April 8, 2014

Malinga's secret ingredient, the meaning of life, and why the rain stopped

All the burning questions from the World T20, accorded the respect they deserve

Insert "hair apparent" joke here © Getty Images

Thank you to those who sent Twitter questions for this week's ZaltZone video. I did not use them in the ZaltZone video due to a combination of time constraints, an already overlong script, and the pure, unanswerable brilliance of your queries. I have, however, answered as many as possible in this blog instead. If you want to know what my video responses would have been, imagine my face and voice reading out the text below whilst looking at a video camera and sitting still.

@just1fan: Did the final prove India have just been riding on Kohli?
No, it did not. In fact, in India's first three games, Kohli rode on India's bowlers - it was an impressive display of batting dressage, admittedly, but the credit went largely to the horses. Kohli scored heavily, and consolidated his side's dominance, but in fairly simple sub-140 chases, and with significant support from Rohit Sharma.

Only in the semi-final was Kohli's batting the dominant factor in an Indian win. In the final, the Delhi Dominator's 77 at a strike rate of 132 was the kind of innings that generally helps win a T20 match for a team batting first (around two-thirds of such innings have resulted in wins), but he received what might be termed as "negative support" from his team-mates - innings that were not just insignificant, or passively unhelpful, but actively damaging - Rahane, Yuvraj and Dhoni between them scored just 18 runs but used up 36 balls, or 30% of India's available deliveries.

What India's innings in the final did prove was: (a) that in any given T20 innings, even a good team might play badly; (b) that it is a risk keeping an out-of-form player in the team; and (c) that even a side with a wealth of experience can suddenly start making schoolboy errors under pressure. Just as Sri Lanka's successful chase proved: (a) that in any given T20 innings, a good team will probably find a way to achieve its objective; (b) that you need to stick by out-of-form players because they will eventually come good at the key moments; and (c) that there is no substitute for experience under pressure.

@welshjon58: How many players have ruined their averages by being out slogging?
Plenty. But averages in T20 are as close to completely meaningless as statistics can get. Averages in all forms of the game require considerable cross-examination in a darkened room before they can be trusted, and in T20 they should be fully embargoed. Multiplying average by strike rate to get a T20 equivalent of baseball's "slugging percentage" would be of more use, but this would still not take into account the efficiency with which batsmen use the resources available to them. I am sure there is some way of calculating it with ruthless mathematical objectivity, but I have neither the ruthlessness nor the mathematics to do so.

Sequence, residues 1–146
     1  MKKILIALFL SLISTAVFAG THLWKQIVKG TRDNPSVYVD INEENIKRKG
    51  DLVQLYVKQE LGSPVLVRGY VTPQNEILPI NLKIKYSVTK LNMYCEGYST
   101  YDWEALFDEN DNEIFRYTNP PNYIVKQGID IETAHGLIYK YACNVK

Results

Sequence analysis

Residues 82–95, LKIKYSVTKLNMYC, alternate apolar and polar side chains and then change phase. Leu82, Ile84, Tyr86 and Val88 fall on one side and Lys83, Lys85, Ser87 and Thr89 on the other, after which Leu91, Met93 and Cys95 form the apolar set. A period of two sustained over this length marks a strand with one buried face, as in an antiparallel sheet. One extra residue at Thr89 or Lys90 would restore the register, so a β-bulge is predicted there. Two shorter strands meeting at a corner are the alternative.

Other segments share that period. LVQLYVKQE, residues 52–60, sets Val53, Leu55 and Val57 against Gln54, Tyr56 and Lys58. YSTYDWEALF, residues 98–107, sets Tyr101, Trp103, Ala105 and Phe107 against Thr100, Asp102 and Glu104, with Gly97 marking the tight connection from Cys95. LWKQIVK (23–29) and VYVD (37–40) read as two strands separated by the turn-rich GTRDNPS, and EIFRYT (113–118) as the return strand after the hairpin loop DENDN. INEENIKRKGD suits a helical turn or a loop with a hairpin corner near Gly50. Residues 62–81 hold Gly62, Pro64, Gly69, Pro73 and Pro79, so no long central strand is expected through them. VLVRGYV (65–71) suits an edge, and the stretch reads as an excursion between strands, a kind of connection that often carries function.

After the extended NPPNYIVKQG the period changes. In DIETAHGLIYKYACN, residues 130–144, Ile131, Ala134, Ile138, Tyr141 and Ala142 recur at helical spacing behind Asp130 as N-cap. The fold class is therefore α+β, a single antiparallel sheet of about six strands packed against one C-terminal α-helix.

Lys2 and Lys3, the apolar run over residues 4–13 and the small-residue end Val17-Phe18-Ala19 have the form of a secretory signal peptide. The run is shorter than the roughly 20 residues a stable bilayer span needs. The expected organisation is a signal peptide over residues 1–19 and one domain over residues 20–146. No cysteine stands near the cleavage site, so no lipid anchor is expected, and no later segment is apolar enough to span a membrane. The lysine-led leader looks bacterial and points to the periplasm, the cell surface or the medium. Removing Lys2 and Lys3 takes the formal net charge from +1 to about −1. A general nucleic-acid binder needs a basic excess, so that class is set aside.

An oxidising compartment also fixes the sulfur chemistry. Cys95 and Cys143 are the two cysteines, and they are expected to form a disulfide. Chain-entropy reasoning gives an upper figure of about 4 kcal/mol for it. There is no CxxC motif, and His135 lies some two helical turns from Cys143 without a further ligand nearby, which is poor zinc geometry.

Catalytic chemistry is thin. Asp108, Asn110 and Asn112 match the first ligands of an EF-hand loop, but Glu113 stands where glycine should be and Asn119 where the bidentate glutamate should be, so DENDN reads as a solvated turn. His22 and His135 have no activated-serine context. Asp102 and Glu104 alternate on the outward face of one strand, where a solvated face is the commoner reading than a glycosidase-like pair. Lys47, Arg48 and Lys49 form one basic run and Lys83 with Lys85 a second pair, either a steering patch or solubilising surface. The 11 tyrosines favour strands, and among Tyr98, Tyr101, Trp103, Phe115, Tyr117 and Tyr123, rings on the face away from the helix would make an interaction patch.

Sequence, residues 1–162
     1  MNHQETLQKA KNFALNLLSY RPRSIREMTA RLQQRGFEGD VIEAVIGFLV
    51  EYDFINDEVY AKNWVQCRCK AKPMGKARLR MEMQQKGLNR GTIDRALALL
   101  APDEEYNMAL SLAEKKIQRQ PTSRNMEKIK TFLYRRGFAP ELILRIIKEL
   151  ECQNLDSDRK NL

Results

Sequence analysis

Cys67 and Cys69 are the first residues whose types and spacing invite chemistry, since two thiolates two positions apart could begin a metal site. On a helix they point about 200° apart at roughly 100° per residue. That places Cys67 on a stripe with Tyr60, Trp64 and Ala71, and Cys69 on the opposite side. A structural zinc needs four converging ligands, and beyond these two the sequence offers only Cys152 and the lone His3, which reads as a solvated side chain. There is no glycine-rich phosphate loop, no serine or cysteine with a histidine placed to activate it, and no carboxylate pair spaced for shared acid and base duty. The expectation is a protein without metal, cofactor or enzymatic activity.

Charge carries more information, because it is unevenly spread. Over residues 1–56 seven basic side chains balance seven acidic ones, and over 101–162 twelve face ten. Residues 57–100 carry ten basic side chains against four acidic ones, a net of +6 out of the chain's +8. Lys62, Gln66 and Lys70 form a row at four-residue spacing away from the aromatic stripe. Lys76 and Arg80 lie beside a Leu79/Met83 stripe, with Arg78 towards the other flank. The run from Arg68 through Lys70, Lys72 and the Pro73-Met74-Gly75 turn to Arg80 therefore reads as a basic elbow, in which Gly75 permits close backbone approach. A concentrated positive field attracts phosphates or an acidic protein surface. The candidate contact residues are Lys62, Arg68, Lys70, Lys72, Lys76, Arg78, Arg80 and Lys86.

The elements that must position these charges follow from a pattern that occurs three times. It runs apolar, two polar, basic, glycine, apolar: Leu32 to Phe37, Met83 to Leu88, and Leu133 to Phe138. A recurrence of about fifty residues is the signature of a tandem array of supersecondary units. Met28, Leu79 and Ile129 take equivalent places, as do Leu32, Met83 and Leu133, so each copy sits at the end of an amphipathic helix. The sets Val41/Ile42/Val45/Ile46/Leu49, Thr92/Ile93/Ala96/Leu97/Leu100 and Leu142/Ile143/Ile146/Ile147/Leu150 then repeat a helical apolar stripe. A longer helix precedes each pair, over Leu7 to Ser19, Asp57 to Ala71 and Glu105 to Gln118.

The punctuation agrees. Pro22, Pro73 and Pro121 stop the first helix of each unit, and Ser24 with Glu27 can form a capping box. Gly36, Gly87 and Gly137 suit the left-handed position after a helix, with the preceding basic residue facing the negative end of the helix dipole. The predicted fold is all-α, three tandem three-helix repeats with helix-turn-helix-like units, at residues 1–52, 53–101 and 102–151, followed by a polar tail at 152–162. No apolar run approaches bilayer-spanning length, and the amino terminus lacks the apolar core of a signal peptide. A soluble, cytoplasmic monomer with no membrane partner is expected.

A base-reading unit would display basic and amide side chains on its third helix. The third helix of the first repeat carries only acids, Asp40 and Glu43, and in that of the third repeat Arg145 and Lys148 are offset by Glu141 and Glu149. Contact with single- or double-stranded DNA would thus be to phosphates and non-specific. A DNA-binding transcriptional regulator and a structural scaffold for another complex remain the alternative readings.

@jaCattell: What is the meaning of life, please? Does it have something to do with cricket?
Life is a journey towards ultimate understanding of the nature of existence and reality. And, since we now have illuminating stumps, that journey is now complete.

@IamDaniel24: What has Malinga got as a captain to be so successful? His hair, his slinger, or the other captains?
The hair definitely helps. In the closing overs of India's innings, it appeared to function very much like the snake-based coiffeuring of Medusa, the celebrity Greek mythical figure who would turn people to stone if they looked at her face. Malinga's hair clearly had the same effect on India's batsmen. A captain with that capability under his hat demands full and instant respect.

His bowling action must also prompt an awed admiration for the skipper's ability and willingness to seemingly defy the laws of cricketing convention and human biomechanics.

It clearly also helped Malinga to have such a wealth of captaincy experience alongside him to give him sage advice and encouragement, and/or tell him exactly what to do, precisely how and specifically when.

Captaincy in T20 is a high-pressure role, but the Confectionery Stall fervently hopes that the day will one day arrive when T20 teams are captained by their supporters. Modern technology already has the witch-like ability to facilitate instant votes. The stadium crowd, or even online fans, could decide bowling changes, field positioning and even the intensity and vocabulary of sledging on a ball-by-ball basis.

@PeeJay____: Do you think Sri Lanka should have had one more captain, for the post-match presentations?
The idea of tag-team captaincy is rapidly gaining ground. The captaincy should be transferable, according to the match situation. You might have one captain who is really astute in Powerplays, another who can only skipper left-arm medium-pacers between the ages of 23 and 28, another who is a brilliant leader if and only if there is a south-westerly breeze and two atheist umpires. Cricket should have a football-style captain's armband that could be passed from player to player according to the match situation. Scratch that, let's go big - the captain should wear a massive golden crown like the all-powerful emperor that he is, and should ceremonially coronate a team-mate whenever a change of leader is required.

In not just losing to Netherlands, but being hammered by them like a drunken nail in a 1970s DIY-themed horror movie, England selflessly did more for Associate cricket than a thousand ICC initiatives could ever manage.

@RahulBose1: Who won, Andy? Do tell! Was it England, then?
(This was in response to my suggestion that, as the vanquishers of Sri Lanka, England were, to all intents and purposes, the true champions.)